Robots Battle in FIRST Competition

May 22, 2002
| By Katy Rent |
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GRAND RAPIDS — It’s not the war of the worlds and robots are not taking over. But they are coming to Grand Rapids to duke it out with each other.

The Grand Center will host the FIRST Competition, March 9-10, where students from area high schools will partner with area businesses to create the winning robot. FIRST, an acronym from For Inspiration and Recognition of Science and Technology, sponsors the annual robotics competition. The national engineering contest is designed to inspire curiosity and create interest in science and mathematics among high school students.

Along with FIRST, the Michigan Department of Career Development (MDCD), Johnson Controls, Audio Advisor, SageStone and Grand Rapids Community College have joined to present the first West Michigan regional competition.

“There has been a regional competition in Detroit for a couple of years now, but this is the first year it has been brought to the area,” said Barbara Bolin, director of the MDCD. “This way the students and businesses from this area have a chance to compete closer to home.”

And that is a welcome opportunity for the local teams.

“Veteran FIRST teams in West Michigan have waited several years for a regional event to happen in their community,” said Natalie Lowell, FIRST/Society of Manufacturing Engineers (SME) Task Force chair for the SME.

“SME member and FIRST team engineer Tim Gates insisted that our SME organization be involved with these teams because they need engineers to assist in building the robots. This event is fulfilling dreams that many FIRST students, teachers, parents and engineers have had, and that is spotlighting science, technology, manufacturing — and believing that it’s cool to be smart.”

Some area high schools participating in the event include West Ottawa, Holland, Zeeland, Holland Christian, Ottawa Hills, Grandville and Grand Rapids Central.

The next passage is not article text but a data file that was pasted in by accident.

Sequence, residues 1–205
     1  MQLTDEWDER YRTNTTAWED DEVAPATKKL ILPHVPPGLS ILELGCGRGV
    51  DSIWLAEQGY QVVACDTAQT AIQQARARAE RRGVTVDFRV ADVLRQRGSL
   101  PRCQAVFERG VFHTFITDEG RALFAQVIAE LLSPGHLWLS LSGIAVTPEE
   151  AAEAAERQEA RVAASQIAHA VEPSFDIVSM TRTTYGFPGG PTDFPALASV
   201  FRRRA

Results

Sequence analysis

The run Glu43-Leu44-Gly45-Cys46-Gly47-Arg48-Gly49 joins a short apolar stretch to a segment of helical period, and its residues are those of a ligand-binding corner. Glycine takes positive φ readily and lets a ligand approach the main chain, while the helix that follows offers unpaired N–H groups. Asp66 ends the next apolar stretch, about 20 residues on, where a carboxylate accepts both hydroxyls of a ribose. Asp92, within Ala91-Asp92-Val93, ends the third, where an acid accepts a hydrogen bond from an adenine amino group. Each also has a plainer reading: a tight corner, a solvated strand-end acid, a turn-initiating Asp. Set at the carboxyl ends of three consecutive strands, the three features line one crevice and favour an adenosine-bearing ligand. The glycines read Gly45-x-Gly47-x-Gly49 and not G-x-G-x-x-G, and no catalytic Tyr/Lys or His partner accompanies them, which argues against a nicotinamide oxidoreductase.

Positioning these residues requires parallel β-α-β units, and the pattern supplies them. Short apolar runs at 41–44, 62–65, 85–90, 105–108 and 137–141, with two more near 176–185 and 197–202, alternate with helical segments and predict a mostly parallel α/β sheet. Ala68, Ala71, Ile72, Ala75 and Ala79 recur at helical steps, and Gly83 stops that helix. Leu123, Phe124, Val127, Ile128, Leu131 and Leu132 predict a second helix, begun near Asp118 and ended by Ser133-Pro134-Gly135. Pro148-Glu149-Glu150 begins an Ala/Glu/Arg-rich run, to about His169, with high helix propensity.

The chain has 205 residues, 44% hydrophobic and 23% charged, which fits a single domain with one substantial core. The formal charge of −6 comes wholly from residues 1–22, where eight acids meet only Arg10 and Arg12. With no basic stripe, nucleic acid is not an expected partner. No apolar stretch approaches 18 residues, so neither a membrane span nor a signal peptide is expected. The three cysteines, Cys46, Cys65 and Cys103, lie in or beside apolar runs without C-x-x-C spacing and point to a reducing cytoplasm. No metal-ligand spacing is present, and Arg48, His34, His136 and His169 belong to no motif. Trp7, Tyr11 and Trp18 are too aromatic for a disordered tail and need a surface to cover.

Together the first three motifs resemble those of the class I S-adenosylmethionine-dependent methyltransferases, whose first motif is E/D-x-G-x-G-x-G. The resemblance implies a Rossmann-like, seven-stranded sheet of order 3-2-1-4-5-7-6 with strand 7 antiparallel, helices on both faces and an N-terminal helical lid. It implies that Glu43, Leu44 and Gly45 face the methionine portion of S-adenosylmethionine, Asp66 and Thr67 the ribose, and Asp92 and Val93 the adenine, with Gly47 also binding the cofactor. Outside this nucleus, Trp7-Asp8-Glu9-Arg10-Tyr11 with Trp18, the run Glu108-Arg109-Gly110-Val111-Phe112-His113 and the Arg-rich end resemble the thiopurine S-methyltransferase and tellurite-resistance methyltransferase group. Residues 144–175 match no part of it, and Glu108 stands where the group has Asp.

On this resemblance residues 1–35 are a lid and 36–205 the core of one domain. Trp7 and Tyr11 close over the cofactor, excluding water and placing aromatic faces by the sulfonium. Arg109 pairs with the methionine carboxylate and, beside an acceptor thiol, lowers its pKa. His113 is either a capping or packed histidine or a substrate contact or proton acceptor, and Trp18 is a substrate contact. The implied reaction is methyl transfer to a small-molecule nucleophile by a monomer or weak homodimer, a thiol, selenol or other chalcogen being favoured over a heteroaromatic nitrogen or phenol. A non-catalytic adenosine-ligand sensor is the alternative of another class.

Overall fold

The schools form teams of teachers, students and engineers, who serve as mentors, and other professionals from corporations and universities to design and build robots during a six-week period.

“We are very excited to sponsor the FIRST regional competition. This program creates much-needed partnerships among educators, employers and students and gets the students excited about careers in the fields of math and science,” said Bolin. “The students learn a great deal through mentorship, and the engineers and educators who serve as mentors gain the satisfaction that comes from helping young people learn new things. When students, technology, overwhelming amounts of excitement, teamwork and hands-on learning come together, you can’t help but find success.”

The corporate mentoring allows students to learn more about engineering career possibilities and serves as a recruitment tool for the corporations. In addition, the sponsoring corporations make a significant financial commitment to the teams.

One of the advantages of the program is that the teams consist of all volunteers. “Whoever wants to be involved can join the team; however, it is not uncommon for the entire school to become involved. Everyone from the art department creating T-shirts and posters to support the team to the cheerleaders going and cheering the team on.”

That volunteer spirit is essential, because building a robot is no simple task.

The students are sent a kit of parts and a set of regulations and guidelines. The robot must perform a stated task, which changes every year.

The team has six weeks to create their robot with the kit of parts and additional specified parts, if needed. On a specified date in February they must box up the robot and ship it to the regional competition. The only time the team has to practice with their robot is right before the competition.

At the competition, teams must demonstrate the capabilities of their robots on specific criteria in front of a panel of judges.

“Another wonderful aspect of this competition is that it gives students a chance to learn the significance of their classes, gives awareness of the real world and real life in an engineering profession,” said Bolin.

After teams compete in the regional competition, they may then advance to the national competition, set for April 5-7 at Disney’s Epcot Center in Orlando, Fla. It is expected that approximately 340 teams will compete and 24,000 people will attend. Any team may enter the competition.

“We are so happy to be a part of this and to be able to create a link between education and business,” said Bolin.

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